14 Hands and a Standing Ovation



Oops, I may have poured a little too much. Don’t judge. It’s a good wine and I knew I’d finish it, so I was just a little generous on the pour. No one’s looking. I can do that from time to time.

I first tried 14 Hands wines at the 2012 Wine Bloggers Conference in Portland, Ore., and remembered wishing I had more time to really investigate it. I made a mental note to come back to it while I moved on to the myriad other wines being poured that day.

As it turns out, this Washington State wine is readily available at grocery stores in the Pacific Northwest (sigh… what I wouldn’t give for a Fred Meyer near me!) and is now readily available in my home state of Nevada too. I brought a pinot noir home with me and picked up a chardonnay once I got home.

The 2010 Chardonnay is tonight’s pick, pairing perfectly with my husband’s barbecued chicken and fresh spinach salad with a berry vinaigrette.

The aroma is slightly grassy and apple-y, but with a fantastic floral note. The bouquet is not deceiving – the first sip on the tongue echoes the nose, bringing forward fresh apple, pear and spring flowers.

The feel is soft and supple, perhaps a bit sweet with the floral tones. But it’s not heavy in its sweetness, like a crisp apple lined with veins of natural sugar – both sweet and fresh and perfect in balance. This light mix of floral sweetness and fruit tartness produces a chardonnay safe to serve with just about any meal.

I love the idea of “patio wines” – those wines you can sip all afternoon on the patio while the sun warms your face and the cold wine cools your head. This is one of those wines, and that’s a good thing in my book. It’s something I’d be proud to serve to guests, but would be happier keeping to myself and sipping on a hot summer day.

The winery’s name, by the way, is an ode to the wild horses that used to roam freely over Washington’s Columbia River valley. Horses were measured by hands – 14 hands were the height of these particular mustangs, and the image they evoke of freedom and spirit is reflected in the winery’s approach to winemaking.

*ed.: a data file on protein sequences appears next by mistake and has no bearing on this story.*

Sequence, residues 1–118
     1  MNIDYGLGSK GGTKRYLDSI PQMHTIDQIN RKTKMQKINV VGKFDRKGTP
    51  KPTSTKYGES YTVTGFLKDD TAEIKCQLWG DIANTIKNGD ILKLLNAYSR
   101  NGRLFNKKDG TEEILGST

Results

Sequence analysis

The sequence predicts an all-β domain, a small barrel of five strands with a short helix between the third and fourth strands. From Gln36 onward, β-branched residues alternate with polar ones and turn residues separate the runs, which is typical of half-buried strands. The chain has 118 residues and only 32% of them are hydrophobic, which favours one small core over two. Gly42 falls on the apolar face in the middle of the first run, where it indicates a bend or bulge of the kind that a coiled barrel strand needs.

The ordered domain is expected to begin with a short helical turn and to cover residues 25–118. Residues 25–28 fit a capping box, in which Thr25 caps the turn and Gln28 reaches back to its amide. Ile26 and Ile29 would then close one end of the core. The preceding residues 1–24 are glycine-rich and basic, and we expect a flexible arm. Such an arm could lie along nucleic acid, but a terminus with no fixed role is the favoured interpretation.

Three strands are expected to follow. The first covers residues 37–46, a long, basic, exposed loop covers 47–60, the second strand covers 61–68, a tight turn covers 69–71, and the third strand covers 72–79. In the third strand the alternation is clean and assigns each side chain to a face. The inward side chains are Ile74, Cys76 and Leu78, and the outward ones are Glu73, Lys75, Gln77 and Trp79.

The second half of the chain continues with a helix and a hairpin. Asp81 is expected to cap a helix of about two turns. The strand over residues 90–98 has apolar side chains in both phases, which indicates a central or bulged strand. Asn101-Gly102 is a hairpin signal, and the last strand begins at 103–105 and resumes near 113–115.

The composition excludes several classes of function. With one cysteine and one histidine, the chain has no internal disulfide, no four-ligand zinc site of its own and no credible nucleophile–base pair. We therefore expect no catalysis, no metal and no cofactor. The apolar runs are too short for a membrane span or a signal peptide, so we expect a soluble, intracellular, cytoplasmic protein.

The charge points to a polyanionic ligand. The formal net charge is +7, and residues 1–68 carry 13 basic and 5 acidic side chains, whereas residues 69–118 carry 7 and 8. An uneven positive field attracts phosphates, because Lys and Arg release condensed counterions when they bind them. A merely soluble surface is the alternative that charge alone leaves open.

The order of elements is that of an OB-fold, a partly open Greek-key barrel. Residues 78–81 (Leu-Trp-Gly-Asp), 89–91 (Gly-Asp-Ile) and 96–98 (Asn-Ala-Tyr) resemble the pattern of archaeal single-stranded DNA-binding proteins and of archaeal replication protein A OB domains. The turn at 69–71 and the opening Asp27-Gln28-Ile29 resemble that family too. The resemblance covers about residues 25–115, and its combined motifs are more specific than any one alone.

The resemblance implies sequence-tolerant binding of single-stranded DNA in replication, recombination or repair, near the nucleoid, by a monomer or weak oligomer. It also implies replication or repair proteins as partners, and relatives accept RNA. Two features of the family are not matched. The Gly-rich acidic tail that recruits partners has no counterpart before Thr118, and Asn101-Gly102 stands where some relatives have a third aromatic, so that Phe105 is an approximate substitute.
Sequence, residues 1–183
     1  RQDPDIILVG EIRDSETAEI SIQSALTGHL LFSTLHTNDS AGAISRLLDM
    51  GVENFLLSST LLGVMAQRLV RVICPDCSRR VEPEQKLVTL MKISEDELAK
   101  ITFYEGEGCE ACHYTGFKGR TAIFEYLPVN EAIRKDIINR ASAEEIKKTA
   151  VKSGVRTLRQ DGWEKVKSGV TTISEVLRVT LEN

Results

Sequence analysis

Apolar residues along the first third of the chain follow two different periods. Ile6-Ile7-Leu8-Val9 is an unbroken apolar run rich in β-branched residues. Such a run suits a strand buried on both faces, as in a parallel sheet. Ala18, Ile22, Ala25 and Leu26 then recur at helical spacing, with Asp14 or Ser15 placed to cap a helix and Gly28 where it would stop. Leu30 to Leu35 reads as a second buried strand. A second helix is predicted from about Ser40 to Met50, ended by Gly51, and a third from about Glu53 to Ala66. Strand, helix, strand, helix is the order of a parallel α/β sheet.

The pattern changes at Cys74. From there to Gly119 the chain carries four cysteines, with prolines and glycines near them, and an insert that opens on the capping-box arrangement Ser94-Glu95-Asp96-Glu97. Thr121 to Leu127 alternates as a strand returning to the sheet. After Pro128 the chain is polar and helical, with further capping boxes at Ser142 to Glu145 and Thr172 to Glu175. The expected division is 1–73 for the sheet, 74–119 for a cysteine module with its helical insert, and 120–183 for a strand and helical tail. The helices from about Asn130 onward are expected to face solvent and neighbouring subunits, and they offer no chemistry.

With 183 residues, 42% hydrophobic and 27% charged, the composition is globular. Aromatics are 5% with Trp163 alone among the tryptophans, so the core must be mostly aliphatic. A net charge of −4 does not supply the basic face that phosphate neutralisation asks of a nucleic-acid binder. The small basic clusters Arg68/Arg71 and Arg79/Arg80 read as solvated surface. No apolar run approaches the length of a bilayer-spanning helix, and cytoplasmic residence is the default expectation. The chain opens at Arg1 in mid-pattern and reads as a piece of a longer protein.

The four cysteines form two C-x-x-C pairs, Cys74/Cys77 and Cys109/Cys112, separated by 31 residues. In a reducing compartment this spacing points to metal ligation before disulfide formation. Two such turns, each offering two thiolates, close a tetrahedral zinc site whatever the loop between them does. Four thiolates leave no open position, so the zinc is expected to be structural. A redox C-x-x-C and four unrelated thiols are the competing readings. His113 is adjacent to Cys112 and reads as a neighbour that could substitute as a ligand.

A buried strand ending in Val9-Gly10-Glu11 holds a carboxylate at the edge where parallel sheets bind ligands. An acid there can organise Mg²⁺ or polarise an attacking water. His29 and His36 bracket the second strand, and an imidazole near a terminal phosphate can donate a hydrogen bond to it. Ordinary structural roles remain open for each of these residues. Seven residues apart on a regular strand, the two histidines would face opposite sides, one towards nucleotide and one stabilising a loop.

To this Nevadan who loves to see our wild horses trotting through the sagebrush, the winery couldn’t have chosen a more perfect moniker. My two hands applaud 14 Hands, and then they pour another glass.


Photos from Wine Bloggers Conference 2012

Pictures say a thousand words, etc…  So enjoy!

Live tasting of roses and whites

New wine/winery every 10 minutes! Holy cow! No time for great editing, so here’s the rough draft! (and notice that it gets progressively messier as the tasting goes on… that’s totally due to the time constraints, NOT to the amount of wine I’ve consumed!)

Johan 2009 Chardonnay Reserve

Oooh, first round of speed-dating-tasting is a Willamette Valley chard! Ah, love the lemon and vanilla aroma! The winery is biodynamic- and organic-certified, and this particular chard is on oak 18 months. But it doesn’t have a terribly strong oak flavor, definitely more steel than oak. The flavors are lemony and fresh. It is unfiltered to retain all the flavors in the wine. 

“I feel an Oregon chardonnay is something special… it still has has some weight and mouthfeel and elegance to it,” Don Rinke, winemaker and vineyard manager at Johan. Rinke says that there’s such a difference between in vintages in Oregon, making each year a surprise; 2009 was a hot year, making a great chardonnay right out the door.